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Book Review

The Looking Glass Wars by Frank Beddor has been reviewed by Focus on the Family’s marriage and parenting magazine. It is the first book in the "Looking Glass Wars" series.

Positive Elements

Spiritual Content

Sexual Content

Violent Content

Crude or Profane Language

Drug and Alcohol Content

Other Negative Elements


Pro-social Content

Objectionable Content

Summary Advisory

Plot Summary

Alyss Heart celebrates her seventh birthday in Wonderland when Redd (the want-to-be Queen of Hearts and Alyss' aunt) shouts, "Off with their heads," and murders her sister (Alyss' mother). Alyss escapes her aunt through a looking glass mirror and ends up in 1859 England. The Rev. Mrs. Liddell adopt her but they don't believe she is a princess. The Rev. Dodgson (a character representing Lewis Carroll, whose real name was Charles Lutwidge Dodgson) listens to her tale and turns her story into a nonsensical children's book, Alice in Wonderland. Years later as Alyss is about to wed Leopold, the prince of England, Redd's henchmen attack. Before they can kill her, Dodge Anders, a childhood friend, helps her return to Wonderland. Alyss joins the fight against Redd, along with Hatter Madigan, General Doppelganger, Bibwit Harte and others. She defeats Redd and becomes the new Queen of Hearts.

Christian Beliefs

The marriage ceremony between Alyss and Prince Leopold takes place in a church, and their marriage vows are performed with reverence. The Rev. Liddell (her adopted father and the dean of Christ Church College) and the Rev. Dodgson (the author of Alice in Wonderland) are cited as two of the main factors that cause Alyss to almost lose her imagination completely.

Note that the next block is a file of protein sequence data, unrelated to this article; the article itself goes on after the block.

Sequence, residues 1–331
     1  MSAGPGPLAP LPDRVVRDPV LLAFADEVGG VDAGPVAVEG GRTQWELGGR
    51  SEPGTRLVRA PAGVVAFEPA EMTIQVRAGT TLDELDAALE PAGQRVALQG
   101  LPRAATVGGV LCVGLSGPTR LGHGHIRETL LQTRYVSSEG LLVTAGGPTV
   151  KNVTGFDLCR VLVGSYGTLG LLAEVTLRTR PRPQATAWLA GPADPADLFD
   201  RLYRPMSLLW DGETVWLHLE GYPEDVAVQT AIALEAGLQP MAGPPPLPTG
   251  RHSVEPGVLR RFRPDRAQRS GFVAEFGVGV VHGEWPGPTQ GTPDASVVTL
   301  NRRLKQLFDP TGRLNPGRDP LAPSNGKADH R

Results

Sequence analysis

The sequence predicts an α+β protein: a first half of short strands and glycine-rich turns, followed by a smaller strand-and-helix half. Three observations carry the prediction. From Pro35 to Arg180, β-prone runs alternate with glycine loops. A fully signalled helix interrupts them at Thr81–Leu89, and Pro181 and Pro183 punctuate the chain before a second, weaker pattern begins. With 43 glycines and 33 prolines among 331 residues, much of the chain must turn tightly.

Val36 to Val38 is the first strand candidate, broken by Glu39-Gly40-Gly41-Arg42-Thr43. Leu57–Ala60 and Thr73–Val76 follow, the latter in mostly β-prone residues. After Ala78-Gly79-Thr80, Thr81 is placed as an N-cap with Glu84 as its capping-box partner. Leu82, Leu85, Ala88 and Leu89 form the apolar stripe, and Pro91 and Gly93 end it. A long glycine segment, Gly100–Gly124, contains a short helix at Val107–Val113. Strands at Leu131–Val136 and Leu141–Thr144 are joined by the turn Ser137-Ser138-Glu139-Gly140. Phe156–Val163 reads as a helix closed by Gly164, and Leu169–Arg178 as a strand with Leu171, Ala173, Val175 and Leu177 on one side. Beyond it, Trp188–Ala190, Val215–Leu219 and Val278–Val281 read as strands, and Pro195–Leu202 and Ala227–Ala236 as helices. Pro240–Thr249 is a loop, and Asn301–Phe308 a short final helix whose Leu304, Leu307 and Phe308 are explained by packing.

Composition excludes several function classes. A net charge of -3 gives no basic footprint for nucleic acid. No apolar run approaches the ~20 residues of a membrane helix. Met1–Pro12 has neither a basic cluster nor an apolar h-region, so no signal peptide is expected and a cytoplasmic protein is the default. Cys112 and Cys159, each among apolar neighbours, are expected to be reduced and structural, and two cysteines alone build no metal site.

Other Belief Systems

Wonderland's source of power is an enormous Heart Crystal. Once something passes into the crystal, the item flows through the imaginations of people in other worlds. When the story opens, Alyss' imagination is the most powerful of any 7-year-old. Alyss belongs to the Heart dynasty, which is guided by their duty toward their subjects, justice and love, but each Heart must choose to use his or her imagination for good or evil. The peace and harmony of Wonderland is derived from White Imagination. Her aunt, Redd, has an undisciplined imagination known as Black Imagination. When Alyss returns to Wonderland as a young woman and goes through the looking glass maze, she attains full power and control of her imagination. The caterpillars, that constantly smoke an opium-like substance, are seen as the wisest of all creatures, the oracles. They give people strange visions of what is to come. There is also a slight mention of the importance of women and the prejudices of men who don't feel women can be leaders. The central characters — Redd and Alyss — are women. Their second-in-commands are men (or partially men, since The Cat is part man and part feline). In the end, the hope and future of Wonderland rests on Alyss and her White Imagination.

Authority Roles